My first two Byzantine Follis coins

Discussion in 'Ancient Coins' started by DiomedesofArgos, Jan 23, 2021.

  1. DiomedesofArgos

    DiomedesofArgos Well-Known Member

    Technically, not the first I won, but Savoca, demonstrating the efficiency that the Germans are know for, got me my coins ridiculously fast and beat the other coins I ordered a month ago. I've come to enjoy the charm of the really ugly, poorly struck, misshapen Byzantine coins, however, I want to try to collect some really nice examples as well. Would be nice to have "ideal" versions of coins to go along with their funky siblings.

    First off is a coin that I think I like more than most of my gold Byzantine coins. Justinian's head is just massive and dominates the coin. I haven't seen another quite like it, though admittedly I haven't spent a lot of time searching. The lettering is mostly clear and the coin itself has a nice, glossy look to it. Truly, a coin worthy of such an important figure:

    1599480_1608755829[1].jpg
    Justinian I AD 527-565. Dated RY 13=AD 539-540. Nikomedia. 2nd officina
    Follis or 40 Nummi Æ

    35 mm, 15,08 g

    D N IVSTINIANVS P P AVC, helmeted and cuirassed bust of Justinian facing, holding globus cruciger in his right hand and shield with his left, in field to right, cross / ANNO XIII NIK, Large M, above, cross, below, B
    DOC 117b; MIB 114; Sear 201.



    Next up is Justinian's nephew, Justin II and his wife Sophia. This coin is rougher, which I believe means the patina has been removed? In any case, this coin actually looks nicer in person, although I think it still looks pretty good in the picture. Again, the lettering is clear for the most part, as are the figures.

    1599487_1608755837[1].jpg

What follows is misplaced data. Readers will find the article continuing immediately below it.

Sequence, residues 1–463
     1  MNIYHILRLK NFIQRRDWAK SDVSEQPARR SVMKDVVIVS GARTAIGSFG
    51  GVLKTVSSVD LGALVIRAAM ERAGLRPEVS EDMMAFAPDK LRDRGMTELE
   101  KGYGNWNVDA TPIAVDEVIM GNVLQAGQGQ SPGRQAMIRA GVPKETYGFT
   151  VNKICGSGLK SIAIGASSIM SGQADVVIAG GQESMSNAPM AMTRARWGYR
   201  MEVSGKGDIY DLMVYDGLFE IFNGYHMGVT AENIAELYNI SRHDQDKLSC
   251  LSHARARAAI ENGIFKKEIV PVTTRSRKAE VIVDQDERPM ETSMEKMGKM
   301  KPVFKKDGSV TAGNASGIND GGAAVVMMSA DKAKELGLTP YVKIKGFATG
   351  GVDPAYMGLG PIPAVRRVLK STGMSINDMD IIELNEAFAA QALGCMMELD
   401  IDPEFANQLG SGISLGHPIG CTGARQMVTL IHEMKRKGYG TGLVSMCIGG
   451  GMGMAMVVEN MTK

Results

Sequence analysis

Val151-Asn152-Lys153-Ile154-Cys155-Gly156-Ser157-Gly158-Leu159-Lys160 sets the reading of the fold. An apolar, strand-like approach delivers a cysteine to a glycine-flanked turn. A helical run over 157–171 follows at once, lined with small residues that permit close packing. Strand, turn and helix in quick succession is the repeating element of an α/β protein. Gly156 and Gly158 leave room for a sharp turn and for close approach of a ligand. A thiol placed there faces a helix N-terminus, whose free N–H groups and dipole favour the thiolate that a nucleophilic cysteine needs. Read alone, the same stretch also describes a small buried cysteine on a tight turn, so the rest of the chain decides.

Justin II and Sophia AD 565-578. Nikomedia
    Follis or 40 Nummi Æ

    30 mm, 14,54 g

    D N IVSTI-NVS P P, Justin and Sophia, both nimbate, enthroned facing, Justin holding globus cruciger and Sophia holding cruciform scepter / Large M, cross above, ANNO II-II across fields, A below, NIKO in exergue.

    DOC 98a; Sear 369.



    Post your first or your favorite Byzantine Follis coins.
     
    AuldFartte, singig, Finn235 and 20 others like this.
  2. Avatar

    Guest User Guest



    to hide this ad.
  3. ancient coin hunter

    ancient coin hunter Enrich the soldiers...ignore all others

    Anastasius Dicorus, 491-518 A.D.

    Type: Large AE Follis, 39 mm 19 grams

    Obverse: DN ANASTASIVS PP AVG, Diademed draped and Cuirassed bust right, star on right shoulder (rare)

    Reverse: Large M, Epsilon below. Cross above M, star in left field, Mintmark CON

    [​IMG]

    [​IMG]

    He was called Dicorus because he had one blue eye and one brown eye
     
  4. Only a Poor Old Man

    Only a Poor Old Man Well-Known Member

    @DiomedesofArgos congratulations on two very nice examples. They are looking really good and have excellent level of detail. I am on the hunt for a nice example of Justin & Sophia and I would be happy if I come across one as nice as yours. My first Byzantine follis was a Justinian one as well:

    folliscombo.jpg

    Notice that it is same officina, same year, same mint as yours! :shame:
    But the big size difference is very interesting.

    As for my favorite follis, it is difficult to tell as it changes all the time. Today I feel that I really like this one:

    anasta_combo3.jpg
     
  5. DiomedesofArgos

    DiomedesofArgos Well-Known Member

    Very fun coincidence! :D I'm not sure if it's known how many engravers would work in a single officina, but it's really interesting how different two coins can look that come from the same place and time. In theory, the two people who engraved the dies for our coins were peers who would see each other's work. Heck, the same guy could have engraved the dies for both of our coins.
     
  6. Only a Poor Old Man

    Only a Poor Old Man Well-Known Member

    Styling differences I understand. But the size? Maybe mine was struck on the last remaining bits of a batch of metal that was big, but not big enough for two coins. Actually, another thing to remember is that Justinian's plague was just starting to make its appearance, so maybe the mint had to make many HR changes that year... (RIP poor engravers)
     
    +VGO.DVCKS and DiomedesofArgos like this.
  7. DiomedesofArgos

    DiomedesofArgos Well-Known Member